Sunnypark Plaza, Sunnybank
It's a sad state of affairs for me as a food blogger when even my dad is more in touch with new restaurants than I am. He told me about a new Shanghainese restaurant opening up in Sunnybank and we were curious to check it out. We actually popped in on its second day of service and encountered chaos. Kitchen staff were unable to keep up with orders and patrons were being turned away because the owners were losing control of the situation. Dad and I managed to get a table but it was about an hour before we were fed. I thought about blogging Bao's based on that but I assumed (and hoped) that the service would improve once they found their feet and I didn't want to give an unfair report.
In any case, my phone update happened around then and I lost my photos for that meal. A few weeks later, our family arranged another meal there, this time for dinner.
I arrived there late because I underestimated how far my new house is from absolutely everything. It had been storming in Sunnybank earlier (with reports of hail) and the Sunnypark Plaza carport was flooded. Considering these circumstances, Bao's was fairly busy on this Saturday night. It wasn't as full and chaotic as my previous experience but I think that's more to do with their service smoothing out than there actually being less people.
We were seated outside and thankfully it had stopped raining by then. Because my dad is impatient and because I generally make no contribution to ordering food at Chinese restaurants, dad had already set down an order by the time I arrived. This was good for me because food started coming to our table not long after.
Braised pork hock
Our first dish was the braised pork hock. This is a typical Shanghainese dish and the degree of success is related to tenderness of meat and how well the flavour has been integrated. Bao's did well on both fronts as well as managing to make the skin deliciously gooey and gelatinous.
Braised deep-fried gluten
Next we tasted the kao fu which is a dish of braised, fried gluten, also very typically Shanghainese. My parents sometimes cook their version at home. Despite being vegetarian, I really enjoy this dish because the spongey gluten cubes soak up so much delicious sweet soy flavour.
The panfried wontons made for a nice alternative to the usual panfried bun or gyoza type sides. These had a pork and shepherds purse filling, which we normally use for soup wontons. The only difference was the crispy golden bottom. I would have liked some kind of dipping sauce, even plain soy sauce would do. There may have been sauces available inside but there wasn't any within reach from the outside tables.
Razor clams with ginger and shallot
The razor clams was the only dish I didn't try. I have nothing against seafood but this mollusc looked too tentacley for me. I'm also paranoid about eating cooked frozen seafood because my stomach's had some bad experiences. Those who did try this dish said that for non-fresh shellfish, it was fairly acceptable. I tasted a bit of the sauce and thought that was very nice.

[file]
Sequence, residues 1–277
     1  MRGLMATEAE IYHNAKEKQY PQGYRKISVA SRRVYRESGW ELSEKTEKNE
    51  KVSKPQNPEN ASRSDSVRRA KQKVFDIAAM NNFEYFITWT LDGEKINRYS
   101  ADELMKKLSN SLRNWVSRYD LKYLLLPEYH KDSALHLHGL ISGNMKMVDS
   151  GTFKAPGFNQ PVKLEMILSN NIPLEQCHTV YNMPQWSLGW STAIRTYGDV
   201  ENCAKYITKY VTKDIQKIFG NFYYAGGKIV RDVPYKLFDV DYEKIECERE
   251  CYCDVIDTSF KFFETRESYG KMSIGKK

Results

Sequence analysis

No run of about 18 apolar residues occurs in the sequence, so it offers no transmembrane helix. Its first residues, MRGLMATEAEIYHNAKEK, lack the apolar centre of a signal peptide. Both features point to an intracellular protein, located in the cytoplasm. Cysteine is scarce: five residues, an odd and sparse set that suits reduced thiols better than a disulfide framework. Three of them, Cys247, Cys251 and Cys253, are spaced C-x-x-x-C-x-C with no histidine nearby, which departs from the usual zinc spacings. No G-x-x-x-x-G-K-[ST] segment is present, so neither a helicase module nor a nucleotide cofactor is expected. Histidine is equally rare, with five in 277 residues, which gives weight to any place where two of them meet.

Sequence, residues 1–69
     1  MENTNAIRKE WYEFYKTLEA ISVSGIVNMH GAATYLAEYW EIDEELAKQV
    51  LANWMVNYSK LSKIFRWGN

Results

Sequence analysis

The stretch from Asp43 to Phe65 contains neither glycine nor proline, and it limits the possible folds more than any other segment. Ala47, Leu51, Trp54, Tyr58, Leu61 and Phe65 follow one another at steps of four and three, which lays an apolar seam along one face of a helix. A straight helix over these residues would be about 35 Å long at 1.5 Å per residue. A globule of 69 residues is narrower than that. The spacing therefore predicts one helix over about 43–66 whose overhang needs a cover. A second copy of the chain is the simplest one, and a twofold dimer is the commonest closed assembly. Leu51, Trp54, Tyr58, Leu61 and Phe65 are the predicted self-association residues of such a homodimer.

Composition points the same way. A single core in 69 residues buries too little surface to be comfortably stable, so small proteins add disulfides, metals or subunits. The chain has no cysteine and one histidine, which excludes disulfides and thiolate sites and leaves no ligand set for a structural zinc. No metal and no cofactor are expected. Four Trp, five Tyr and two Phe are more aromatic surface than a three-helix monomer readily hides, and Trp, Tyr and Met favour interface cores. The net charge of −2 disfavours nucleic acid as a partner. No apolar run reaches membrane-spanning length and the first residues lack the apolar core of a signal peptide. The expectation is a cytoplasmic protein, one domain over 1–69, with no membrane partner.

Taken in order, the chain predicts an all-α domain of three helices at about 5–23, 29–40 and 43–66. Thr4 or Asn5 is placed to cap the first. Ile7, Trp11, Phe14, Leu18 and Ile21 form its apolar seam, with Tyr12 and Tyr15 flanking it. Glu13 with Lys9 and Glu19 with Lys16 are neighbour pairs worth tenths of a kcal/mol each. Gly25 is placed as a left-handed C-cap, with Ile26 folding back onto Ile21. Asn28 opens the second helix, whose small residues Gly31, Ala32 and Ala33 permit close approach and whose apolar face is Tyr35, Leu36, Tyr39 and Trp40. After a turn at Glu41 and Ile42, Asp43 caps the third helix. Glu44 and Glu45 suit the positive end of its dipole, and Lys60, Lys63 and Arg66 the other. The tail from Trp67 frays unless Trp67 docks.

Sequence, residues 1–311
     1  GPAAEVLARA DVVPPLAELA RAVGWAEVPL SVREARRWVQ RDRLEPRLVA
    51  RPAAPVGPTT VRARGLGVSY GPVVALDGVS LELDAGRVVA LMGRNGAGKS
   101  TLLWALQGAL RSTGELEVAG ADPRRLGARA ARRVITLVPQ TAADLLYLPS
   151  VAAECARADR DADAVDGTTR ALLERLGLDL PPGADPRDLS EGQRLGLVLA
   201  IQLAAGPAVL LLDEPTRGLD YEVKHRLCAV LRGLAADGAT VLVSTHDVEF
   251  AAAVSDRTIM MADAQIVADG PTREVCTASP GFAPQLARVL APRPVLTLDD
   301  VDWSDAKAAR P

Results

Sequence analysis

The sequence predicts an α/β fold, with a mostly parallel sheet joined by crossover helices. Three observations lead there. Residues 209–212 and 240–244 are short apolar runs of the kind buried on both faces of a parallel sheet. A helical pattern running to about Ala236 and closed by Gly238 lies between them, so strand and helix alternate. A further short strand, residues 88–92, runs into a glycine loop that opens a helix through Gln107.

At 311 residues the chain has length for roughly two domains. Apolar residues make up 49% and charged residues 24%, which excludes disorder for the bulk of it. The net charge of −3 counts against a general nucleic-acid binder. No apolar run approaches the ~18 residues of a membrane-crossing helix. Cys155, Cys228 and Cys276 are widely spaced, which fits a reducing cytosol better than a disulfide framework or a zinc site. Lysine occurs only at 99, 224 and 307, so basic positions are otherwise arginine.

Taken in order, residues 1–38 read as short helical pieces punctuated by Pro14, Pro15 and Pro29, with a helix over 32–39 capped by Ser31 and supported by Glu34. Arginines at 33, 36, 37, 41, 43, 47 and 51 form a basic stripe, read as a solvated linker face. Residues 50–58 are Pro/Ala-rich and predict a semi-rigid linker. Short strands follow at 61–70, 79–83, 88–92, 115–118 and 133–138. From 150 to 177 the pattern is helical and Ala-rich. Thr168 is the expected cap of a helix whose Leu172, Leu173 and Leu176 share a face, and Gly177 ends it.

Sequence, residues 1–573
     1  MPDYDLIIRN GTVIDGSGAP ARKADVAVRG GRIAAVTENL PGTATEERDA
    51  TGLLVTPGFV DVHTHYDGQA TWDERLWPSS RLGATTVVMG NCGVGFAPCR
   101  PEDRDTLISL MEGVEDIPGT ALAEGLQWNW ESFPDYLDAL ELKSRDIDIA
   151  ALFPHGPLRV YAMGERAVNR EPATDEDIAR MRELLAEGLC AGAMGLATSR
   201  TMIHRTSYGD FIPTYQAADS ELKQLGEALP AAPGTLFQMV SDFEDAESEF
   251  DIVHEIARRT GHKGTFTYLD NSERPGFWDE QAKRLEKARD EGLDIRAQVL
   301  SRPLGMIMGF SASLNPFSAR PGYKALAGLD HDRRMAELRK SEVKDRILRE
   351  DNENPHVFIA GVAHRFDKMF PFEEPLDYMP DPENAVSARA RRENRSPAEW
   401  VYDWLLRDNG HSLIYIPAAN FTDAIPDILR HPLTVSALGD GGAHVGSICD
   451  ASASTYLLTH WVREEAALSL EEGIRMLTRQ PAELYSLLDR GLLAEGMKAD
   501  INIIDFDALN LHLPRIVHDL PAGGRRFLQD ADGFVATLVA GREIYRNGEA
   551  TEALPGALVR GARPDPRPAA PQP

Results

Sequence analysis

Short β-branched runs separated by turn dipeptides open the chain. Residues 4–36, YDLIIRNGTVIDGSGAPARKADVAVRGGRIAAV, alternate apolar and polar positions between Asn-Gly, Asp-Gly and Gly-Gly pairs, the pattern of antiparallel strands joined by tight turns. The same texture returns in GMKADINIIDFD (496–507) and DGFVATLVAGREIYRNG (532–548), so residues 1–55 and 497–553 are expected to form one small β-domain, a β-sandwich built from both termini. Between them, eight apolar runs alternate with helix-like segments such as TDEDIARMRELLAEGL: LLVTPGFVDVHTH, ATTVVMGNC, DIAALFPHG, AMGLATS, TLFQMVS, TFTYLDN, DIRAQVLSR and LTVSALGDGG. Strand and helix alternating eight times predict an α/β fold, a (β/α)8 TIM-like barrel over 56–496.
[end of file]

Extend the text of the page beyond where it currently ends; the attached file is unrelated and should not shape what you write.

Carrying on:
Fresh and salted pork broth
There's a broth we often have in Shanghai which in mandarin is called yan du xian. It's meant to be comprised of salted pork, fresh pork and bamboo shoots (traditionally, it shouldn't have bok choi). This version at Bao's was what my dad referred to as 'msg stock'. It didn't have much depth of flavour that is essential in making such a simple dish stand out. There were pork bones in the stock but it didn't seem like they were cooked out long enough to create that almost opaque, silky broth texture we were after. The other flaw was the lack of tofu skin knots. I remember being at my grandmas house as a child actually making those knots to put in her soup. They're my favourite part because they soak up broth and burst in your mouth with salty porky flavour. I think we only located one tofu skin knot and it went to my grandpa.
Stir-fried pork and mushroom
Next was a stir-fried pork and shiitake mushroom dish. I didn't mind this one. It tasted like something you would get from a Chinese takeaway, very saucy sweet and salty and went excellently with white rice. My grandpa wasn't a huge fan, I'm guessing because it's not authentically Shanghainese.
Deep-fried duck wraps
Our final dish was deep-fried duck wraps. Peking duck wraps are something I could eat every day of my life and not get sick of. It was interesting to try this alternative, which comprised of crispy deep fried duck pieces and a fermented bean sauce.
Individual duck wrap
It was definitely different to Peking duck but also very delicious. This was probably the standout dish of the night.
Our dinner at Bao's Shanghainese Restaurant was overall quite pleasant. The owner is proper Shanghainese (as questioned by my family) so you can ascertain a degree of authenticity. The highlight of the night was the deep fried duck wraps and I'm glad the service issues from their first week seem to have smoothed out.